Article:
How Many Words In a 1 or 2 Minute Demo Video Script?

You have to make a great script. No video can work without it.

But how long should it be?   Most people start with the question: how many words can I get in a 90 second video script?

That’s the wrong question to ask.  Instead: what is the final goal of this project? What is the tone? What do I want for my readers?

Before we start, we have to realize a few things:

  • The goal of any script is comprehension…
  • We do everything from the client’s point of view.
  • Time is a tool to “paint” with.
  • Most of the time people try and cram too much in – and that means nobody remembers anything.

So, here are 3 rules that will make everything easy as we work toward using the voice over to create great videos.

Please note that all of this is keyed towards the North American market.

Guideline #1: Optimize Information Density.

Have you ever been interested in a video, clicked it on and thought “ugh,” how hard? That’s probably because you got confused.

There was too much complexity, which our brains are wired to avoid.

You probably encountered too much information density.

New ideas, slamming into you faster than you can process them.  On the other hand, you’ve watched videos where you get the gist of the thing instantly.

The basic idea: slow down for the new ideas, go fast for the familiar parts.  It’s generally better to be a little on the slow side than too fast.  Comprehension is everything and we don’t want to lose our audience.  By simply looking at each section of the video and saying “is this hard or easy,” you can go a long way towards a better video.

Guideline #2: Pay Attention To Natural Speech Rates

Then, slow it down.

According to the national center for voice and speech, the normal rate of speech in North America is about 150 words per minute.

This is “conversational” speech, where people have some shared context, some shared history and familiarity.

When your introducing new material, it takes a minute for your brain to catch up.  The general rule: the more dynamic the idea, the slower it has to go.

Your visuals should carry some weight, so we want to be 135 words per minute as a starting point.  We can absolutely go up – or down – from there.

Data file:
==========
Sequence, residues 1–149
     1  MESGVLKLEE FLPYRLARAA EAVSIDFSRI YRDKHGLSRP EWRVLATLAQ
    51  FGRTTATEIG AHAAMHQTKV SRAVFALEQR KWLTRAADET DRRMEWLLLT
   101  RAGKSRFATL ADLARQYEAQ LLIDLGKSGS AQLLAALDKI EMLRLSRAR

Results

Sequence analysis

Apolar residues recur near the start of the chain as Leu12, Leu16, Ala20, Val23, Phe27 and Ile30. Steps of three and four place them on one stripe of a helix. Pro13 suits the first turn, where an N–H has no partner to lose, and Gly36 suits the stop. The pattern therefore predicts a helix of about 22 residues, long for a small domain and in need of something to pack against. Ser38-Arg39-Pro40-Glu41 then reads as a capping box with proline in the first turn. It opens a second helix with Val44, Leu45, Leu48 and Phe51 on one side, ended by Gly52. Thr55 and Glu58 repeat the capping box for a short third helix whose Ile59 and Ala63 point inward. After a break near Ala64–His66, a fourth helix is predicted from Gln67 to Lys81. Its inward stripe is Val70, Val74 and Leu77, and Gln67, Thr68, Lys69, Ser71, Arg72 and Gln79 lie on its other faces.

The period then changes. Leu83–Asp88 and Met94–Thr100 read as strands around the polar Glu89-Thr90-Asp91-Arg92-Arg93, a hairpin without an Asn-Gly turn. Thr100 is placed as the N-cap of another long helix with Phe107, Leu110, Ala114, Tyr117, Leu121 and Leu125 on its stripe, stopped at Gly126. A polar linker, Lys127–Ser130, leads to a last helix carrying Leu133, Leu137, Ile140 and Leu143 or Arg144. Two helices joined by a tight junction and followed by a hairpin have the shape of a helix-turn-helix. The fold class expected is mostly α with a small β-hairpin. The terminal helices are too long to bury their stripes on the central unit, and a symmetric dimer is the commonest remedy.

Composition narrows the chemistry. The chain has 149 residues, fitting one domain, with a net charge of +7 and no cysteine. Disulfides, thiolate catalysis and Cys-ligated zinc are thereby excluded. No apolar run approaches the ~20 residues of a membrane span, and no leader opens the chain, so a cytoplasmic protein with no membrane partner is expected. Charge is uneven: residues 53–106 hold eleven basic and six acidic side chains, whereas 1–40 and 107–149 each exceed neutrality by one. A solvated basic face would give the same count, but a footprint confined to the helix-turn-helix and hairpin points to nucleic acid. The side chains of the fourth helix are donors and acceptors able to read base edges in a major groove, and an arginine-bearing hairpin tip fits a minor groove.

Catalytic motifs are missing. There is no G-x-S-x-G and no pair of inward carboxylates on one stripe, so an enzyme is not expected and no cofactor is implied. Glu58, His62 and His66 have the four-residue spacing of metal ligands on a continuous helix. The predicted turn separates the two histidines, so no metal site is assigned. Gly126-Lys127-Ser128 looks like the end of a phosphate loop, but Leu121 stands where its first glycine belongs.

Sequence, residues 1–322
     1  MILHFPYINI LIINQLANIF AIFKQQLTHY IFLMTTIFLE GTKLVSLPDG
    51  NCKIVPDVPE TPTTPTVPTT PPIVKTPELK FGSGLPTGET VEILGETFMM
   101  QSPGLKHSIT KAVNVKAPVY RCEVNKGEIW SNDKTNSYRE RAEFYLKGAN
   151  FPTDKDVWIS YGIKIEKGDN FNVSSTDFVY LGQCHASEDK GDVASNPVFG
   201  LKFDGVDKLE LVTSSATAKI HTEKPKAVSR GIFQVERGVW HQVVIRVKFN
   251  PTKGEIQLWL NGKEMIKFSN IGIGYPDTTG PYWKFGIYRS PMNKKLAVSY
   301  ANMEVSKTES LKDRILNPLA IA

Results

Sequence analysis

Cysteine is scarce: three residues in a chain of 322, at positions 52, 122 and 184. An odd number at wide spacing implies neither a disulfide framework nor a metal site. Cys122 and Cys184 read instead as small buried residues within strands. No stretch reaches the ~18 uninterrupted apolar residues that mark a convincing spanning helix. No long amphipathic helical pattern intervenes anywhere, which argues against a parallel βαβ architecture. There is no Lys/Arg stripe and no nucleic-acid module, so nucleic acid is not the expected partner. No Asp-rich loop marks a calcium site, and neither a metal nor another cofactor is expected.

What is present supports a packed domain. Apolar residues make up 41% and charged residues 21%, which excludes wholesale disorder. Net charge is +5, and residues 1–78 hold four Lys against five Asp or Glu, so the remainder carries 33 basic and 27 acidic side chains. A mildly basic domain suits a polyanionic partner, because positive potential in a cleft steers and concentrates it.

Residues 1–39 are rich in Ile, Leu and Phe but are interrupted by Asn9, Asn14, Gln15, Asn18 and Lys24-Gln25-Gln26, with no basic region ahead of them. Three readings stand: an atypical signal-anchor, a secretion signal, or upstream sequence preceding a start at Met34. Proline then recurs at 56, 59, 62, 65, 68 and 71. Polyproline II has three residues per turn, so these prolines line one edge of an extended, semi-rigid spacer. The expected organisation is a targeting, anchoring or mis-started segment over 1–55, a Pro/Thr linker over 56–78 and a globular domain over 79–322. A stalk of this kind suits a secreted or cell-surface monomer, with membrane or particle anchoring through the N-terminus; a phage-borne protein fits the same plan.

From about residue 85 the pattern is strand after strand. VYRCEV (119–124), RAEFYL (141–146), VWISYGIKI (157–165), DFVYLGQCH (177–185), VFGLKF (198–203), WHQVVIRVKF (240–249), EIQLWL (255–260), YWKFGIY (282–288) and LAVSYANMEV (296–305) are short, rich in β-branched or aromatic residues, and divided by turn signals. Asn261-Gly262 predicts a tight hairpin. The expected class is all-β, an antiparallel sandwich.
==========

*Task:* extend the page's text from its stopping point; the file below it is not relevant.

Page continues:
For a video:

Slow:  110 words per minute

Normal: 135 words per minute

Fast  160 words per minute.

To estimate the word count, simply take the approximate script length in minutes and multiply.

Special note: :30 second videos will need fewer words than longer ones because there is some absolute “warm up period,” to gain comprehension.

Guideline #3: Pay Attention To Style

“The right word may be effective, but no word was ever as effective as a rightly timed pause.”

— Mark Twain

There are times where a dramatic pause will gain more comprehension than more talking.  By creating tension you can drive a point home.

By just going straight “by the numbers” or “with what the word count allows,” we miss opportunities to to make an impact by using time as a tool.

We felt so strongly about this that we changed our pricing structure from the traditional “per second” delivery to “design + time” model in order to lessen the impact of “going over.”

A second or two is all it takes to let something “sink in,” and that can make a difference between a great video and an also-ran.

Put It All Together: Section By Section

Part of the editing process includes VO instructions.

When we work with our voice talent we go by the rule that you can’t be too descriptive.

You generally take a script, identify key parts, and write delivery instructions in a way that makes sense. We give notes on each section regarding rate of speech and other factors so that the talent can understand what they are doing.

Use time as a tool to paint with, make sure the pace and tone work.  Keep the density at the right level.